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On November 5th 2008, I awoke with lingering pictures in my mind of the election of Barack Hussein Obama, the first African American, to the highest office in the land. On November 4th, I, like countless other African Americans, was filled with uncontainable feelings of elation and awe at the historic significance of that moment. I watched as my son seemed to grow in stature right before my eyes with the announcement “Barack has won!” I listened as he expressed a renewed sense of purpose and belief about life’s possibilities. I was surprised to see the outpouring of emotion in him, this enormous surge of energy brought on by a mysterious power born purely and simply of hope. He was not alone in his enthusiasm, the phone began to ring, and soon text and email messages began to pour in amidst radio and television reports recounting the landslide victory.

This was to be an unprecedented election which would draw an unprecedented reaction from those both at home and abroad. The genuine surprise was understandable given the country’s more than 230 year legacy of all but exclusive white male political domination and its history of slavery, colonization and segregation. Though for the most part, pleasantly shocked, the American public was thrown into a state of disequilibrium from which they are yet to recover. On November 4th Americans were faced with the very real possibility of America becoming a world leader in ways other than through the use of military force. With the election of Barack Obama America once again has an opportunity to make good on its declaration:

We hold these truths to be self-evident, that all men are created equal, that they are endowed by their Creator with certain unalienable Rights, that among these are Life, Liberty and the pursuit of Happiness.

I can scarcely imagine how my parents, born and raised in the segregated state of Louisiana, would have felt had they lived to witness the election of a black man to the presidency. It is impossible to approach such a momentous event without remembering the multitude of struggles and suffering that allowed it to occur. From whatever vantage point one wishes to observe it, this is truly a remarkable occasion in the annals of American history. It signals a profound change in the social, political and moral structure of a country unmatched by its patriotic pride and simultaneously burdened by a lengthy tradition of racial intolerance and discrimination.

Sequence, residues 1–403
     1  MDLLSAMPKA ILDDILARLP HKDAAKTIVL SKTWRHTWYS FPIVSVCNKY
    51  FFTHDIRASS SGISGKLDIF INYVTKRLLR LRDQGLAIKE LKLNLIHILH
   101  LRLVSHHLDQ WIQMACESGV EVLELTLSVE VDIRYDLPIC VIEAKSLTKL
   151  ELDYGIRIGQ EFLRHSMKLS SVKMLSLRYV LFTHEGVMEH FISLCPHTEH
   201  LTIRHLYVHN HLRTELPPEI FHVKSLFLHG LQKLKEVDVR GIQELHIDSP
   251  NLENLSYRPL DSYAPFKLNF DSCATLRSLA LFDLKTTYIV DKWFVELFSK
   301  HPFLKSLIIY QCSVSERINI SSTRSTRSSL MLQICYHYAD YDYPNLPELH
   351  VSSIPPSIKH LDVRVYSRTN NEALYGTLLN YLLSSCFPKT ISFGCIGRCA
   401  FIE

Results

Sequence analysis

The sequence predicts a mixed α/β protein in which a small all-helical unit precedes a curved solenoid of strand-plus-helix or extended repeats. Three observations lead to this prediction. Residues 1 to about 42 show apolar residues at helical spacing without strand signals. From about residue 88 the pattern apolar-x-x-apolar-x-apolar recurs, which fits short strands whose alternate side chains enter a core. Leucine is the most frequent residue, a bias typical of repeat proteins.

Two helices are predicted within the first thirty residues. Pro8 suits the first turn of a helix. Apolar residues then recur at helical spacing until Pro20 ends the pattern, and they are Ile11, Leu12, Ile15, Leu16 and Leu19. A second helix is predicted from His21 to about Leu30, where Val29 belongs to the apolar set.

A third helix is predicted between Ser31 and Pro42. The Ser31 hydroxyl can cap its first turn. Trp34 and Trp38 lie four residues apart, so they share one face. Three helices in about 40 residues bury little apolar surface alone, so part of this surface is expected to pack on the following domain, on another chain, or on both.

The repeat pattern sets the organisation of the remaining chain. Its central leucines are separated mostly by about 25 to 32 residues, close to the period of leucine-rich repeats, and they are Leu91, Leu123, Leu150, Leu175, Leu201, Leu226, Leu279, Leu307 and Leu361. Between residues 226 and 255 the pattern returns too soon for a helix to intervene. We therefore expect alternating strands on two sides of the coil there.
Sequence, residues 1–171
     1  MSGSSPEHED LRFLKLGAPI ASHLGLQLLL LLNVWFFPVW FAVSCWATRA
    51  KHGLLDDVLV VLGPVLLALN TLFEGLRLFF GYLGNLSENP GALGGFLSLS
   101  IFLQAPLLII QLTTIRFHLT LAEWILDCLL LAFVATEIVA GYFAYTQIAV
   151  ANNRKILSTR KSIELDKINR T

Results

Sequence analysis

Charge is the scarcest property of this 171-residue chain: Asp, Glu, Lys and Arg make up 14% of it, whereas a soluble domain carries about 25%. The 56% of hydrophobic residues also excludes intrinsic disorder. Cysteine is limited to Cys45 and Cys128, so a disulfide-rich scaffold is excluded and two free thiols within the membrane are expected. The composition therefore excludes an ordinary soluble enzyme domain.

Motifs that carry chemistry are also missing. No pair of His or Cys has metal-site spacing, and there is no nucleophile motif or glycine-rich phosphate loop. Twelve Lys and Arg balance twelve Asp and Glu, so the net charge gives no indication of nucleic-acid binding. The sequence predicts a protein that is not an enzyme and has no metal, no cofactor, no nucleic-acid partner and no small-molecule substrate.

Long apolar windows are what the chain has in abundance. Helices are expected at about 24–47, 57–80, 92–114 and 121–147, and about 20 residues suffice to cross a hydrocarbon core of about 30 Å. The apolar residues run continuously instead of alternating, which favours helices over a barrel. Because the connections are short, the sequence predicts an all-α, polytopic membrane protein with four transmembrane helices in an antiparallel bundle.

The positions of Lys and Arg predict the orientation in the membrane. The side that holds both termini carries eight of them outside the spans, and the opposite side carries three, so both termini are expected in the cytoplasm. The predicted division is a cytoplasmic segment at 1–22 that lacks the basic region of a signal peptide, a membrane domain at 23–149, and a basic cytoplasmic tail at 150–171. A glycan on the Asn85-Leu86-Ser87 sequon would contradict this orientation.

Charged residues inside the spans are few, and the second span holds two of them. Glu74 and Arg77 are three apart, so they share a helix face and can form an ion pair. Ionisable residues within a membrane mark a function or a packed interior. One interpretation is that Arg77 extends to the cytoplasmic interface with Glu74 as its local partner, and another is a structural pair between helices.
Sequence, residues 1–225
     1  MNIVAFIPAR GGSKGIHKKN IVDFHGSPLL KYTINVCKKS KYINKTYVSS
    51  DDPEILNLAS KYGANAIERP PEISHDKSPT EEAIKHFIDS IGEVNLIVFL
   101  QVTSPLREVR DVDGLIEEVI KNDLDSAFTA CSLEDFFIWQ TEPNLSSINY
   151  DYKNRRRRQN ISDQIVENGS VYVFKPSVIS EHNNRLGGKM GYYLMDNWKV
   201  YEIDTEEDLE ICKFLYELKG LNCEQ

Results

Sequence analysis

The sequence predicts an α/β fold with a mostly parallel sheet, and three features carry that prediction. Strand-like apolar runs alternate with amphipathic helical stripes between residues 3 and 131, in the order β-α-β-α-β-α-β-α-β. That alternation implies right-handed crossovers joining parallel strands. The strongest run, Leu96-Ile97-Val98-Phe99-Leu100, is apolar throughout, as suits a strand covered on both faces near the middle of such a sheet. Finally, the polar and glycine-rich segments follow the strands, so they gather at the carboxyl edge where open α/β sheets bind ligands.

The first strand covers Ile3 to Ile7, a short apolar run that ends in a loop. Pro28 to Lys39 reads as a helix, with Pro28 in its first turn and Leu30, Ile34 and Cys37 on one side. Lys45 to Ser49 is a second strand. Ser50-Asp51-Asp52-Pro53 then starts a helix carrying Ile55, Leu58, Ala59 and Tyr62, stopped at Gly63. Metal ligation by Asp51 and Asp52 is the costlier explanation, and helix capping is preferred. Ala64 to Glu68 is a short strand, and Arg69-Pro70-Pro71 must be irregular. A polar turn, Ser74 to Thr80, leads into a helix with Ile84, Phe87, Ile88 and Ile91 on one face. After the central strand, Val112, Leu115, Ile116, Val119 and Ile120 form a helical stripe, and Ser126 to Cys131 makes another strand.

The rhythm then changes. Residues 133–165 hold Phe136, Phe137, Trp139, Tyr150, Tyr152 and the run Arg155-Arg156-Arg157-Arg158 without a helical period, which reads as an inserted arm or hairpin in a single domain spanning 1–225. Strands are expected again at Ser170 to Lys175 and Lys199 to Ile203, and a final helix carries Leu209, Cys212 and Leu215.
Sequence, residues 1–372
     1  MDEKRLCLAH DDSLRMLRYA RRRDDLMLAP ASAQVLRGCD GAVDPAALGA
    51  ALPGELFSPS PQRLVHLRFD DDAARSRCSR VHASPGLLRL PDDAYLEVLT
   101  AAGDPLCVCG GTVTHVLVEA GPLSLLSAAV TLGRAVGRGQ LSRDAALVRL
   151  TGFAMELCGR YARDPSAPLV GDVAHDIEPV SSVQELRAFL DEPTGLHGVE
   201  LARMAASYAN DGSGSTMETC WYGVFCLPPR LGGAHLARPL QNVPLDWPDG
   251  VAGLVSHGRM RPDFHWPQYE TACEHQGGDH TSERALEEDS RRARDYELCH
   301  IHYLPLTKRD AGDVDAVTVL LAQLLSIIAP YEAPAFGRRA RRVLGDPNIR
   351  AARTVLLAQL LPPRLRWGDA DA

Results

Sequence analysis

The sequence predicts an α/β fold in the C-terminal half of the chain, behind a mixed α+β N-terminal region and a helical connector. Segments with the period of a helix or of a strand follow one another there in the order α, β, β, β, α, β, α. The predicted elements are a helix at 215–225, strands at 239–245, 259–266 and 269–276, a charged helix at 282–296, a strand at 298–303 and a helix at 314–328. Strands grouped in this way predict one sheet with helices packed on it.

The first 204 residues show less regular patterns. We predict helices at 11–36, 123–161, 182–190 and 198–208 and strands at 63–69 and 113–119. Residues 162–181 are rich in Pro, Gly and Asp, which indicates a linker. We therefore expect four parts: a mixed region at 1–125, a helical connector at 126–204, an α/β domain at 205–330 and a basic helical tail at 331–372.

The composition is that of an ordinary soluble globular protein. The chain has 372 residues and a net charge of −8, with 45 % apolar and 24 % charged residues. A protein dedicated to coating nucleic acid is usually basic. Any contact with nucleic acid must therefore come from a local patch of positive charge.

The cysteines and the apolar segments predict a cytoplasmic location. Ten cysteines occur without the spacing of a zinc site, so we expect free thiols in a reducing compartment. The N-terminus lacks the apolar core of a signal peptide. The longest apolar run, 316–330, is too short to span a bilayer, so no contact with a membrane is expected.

What does having an African American as president mean to the struggle for racial equality and justice? In his concession speech Senator John McCain, alluded to the belief that the election of Barack Obama signalized the end to “racial bigotry” and the full instatement of equal rights of “citizenry” to all Americans. With all that we know about history, human behavior and the role it plays in social advancement and change, we must not be so naive as to proffer the election of Barack Obama as evidence of the end of racism in America.

This election has not changed the over—representation of African Americans in the criminal justice system and the police use of deadly force against black males; nor did it eliminate the academic achievement gap; nor stem the disproportionate numbers of African Americans finding themselves burdened by poverty. The election of a black man as president alone, however grand and noble can not reverse the wrongs which have been committed as the result of ongoing racist practices and policies. The truth is that no singular event political or otherwise can change centuries of neglect and injury, the very injury that made a Black man winning the presidency an anomaly.

However difficult or bleak the racial strife has been or continues to be, the level of hope has indeed been elevated with the election of Barack Obama as the 44th president of the United States. Somehow we were all made better by his appointment and each of us felt it in our own unique ways. The sheer joy engendered among Americans young and old, from all backgrounds and especially African Americans, has been raised to a palpable level. Perhaps parallel with this hope and joy is an even stronger desire for change and the ever illusive justice and peace so long sought after. Unequaled by times past America now sits squarely on the world stage as the international community looks on anxiously and eagerly anticipates a positive movement towards global peace and solidarity.

I celebrate this achievement and humbly recognize the significance it holds for both past and present generations. I look towards the future with guarded optimism and with fresh new questions and ideas about how and what we as African Americans must continue to do to move forward. Perhaps more importantly, I question what America as a nation must do next to lead all nations towards co-existing as a world community.

Your sister,



Dr. Joy DeGruy

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